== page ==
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Target-Date Ads in SEC's Cross Hairs

Plus, Oppenheimer fund gets a facelift, and more.

Morningstar Analysts, 06/21/2010

The SEC has proposed new target-date fund advertisement disclosure guidelines aimed at reducing potential investor confusion or deception.

The proposed rule, if adopted, would require target-date funds that include retirement dates in their names to disclose in marketing materials what the funds' asset allocations will be on those target dates. This would make it easier for investors to compare, for example, how much competing target-date funds will have in fixed-income securities and cash at the funds' target dates.

The SEC is also considering a proposal that would require marketing materials to include a table, chart, or graph depicting the target-date fund's asset allocation over time, along with a statement highlighting the fund's final asset allocation.

Regulators also may require target-date marketing materials to state target-date retirement funds shouldn't be selected based solely on age or retirement date and are not a guaranteed investment, and the stated asset allocations may be subject to change.

Target-date funds have experienced massive growth since their introduction in the mid-1990s. These funds currently have $270 billion in assets and have become prevalent as default options in 401(k) plans.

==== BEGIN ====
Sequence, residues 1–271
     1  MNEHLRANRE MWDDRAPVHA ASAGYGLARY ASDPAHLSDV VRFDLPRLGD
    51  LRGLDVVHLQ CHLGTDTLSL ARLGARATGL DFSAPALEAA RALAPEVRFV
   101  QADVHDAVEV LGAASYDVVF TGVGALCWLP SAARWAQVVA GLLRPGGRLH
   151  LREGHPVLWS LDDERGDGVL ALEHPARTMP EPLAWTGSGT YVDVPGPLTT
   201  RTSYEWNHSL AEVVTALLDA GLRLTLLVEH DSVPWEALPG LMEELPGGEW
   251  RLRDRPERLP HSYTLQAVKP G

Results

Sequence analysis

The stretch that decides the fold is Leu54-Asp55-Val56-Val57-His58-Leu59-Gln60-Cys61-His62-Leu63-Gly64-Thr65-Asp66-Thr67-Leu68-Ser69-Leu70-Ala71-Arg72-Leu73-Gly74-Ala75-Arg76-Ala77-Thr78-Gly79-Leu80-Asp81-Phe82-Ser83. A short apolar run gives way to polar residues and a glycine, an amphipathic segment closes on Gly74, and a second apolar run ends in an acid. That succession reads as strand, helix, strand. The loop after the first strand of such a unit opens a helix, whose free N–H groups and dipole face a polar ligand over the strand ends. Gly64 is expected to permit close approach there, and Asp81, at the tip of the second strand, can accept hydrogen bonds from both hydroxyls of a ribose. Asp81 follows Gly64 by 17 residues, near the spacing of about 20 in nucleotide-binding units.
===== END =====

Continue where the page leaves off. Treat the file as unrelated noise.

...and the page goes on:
The SEC proposals are a response to dramatic losses suffered by some 2010 target-date funds in 2008. Many investors expected such funds, which were two years away from their target date, to better preserve capital in 2008's market downturn. The average 2010 target-date fund lost 24% in 2008, and all but one lost more than 10%. The range of losses varied greatly, too, from 9% to 41%.

The public has at least 60 days to comment on the proposals. The text is available here.

Oppenheimer Fund Gets a Total Face-Lift
Oppenheimer Quest Balanced QVGIX will effectively become a different fund Aug. 16, 2010, according to a recent filing. The fund that has been managed since 1992 by Colin Glinsman of Oppenheimer Capital (which is owned by Allianz and unrelated to OppenheimerFunds) will become Oppenheimer Global Allocation, get a new manager, and employ a new strategy that will enable it to invest in stocks, bonds, and alternative asset classes from around the world. It will also be able to short securities and will establish a Cayman Islands subsidiary that will invest as much as 25% of assets in commodity-linked derivatives. Chris Leavy, OppenheimerFunds' CIO of equities, and Art Steinmetz, OppenheimerFunds' CIO of fixed-income, will run the fund. Quest Balanced looked great in Glinsman's first 12 years on the job but challenged in the past five.

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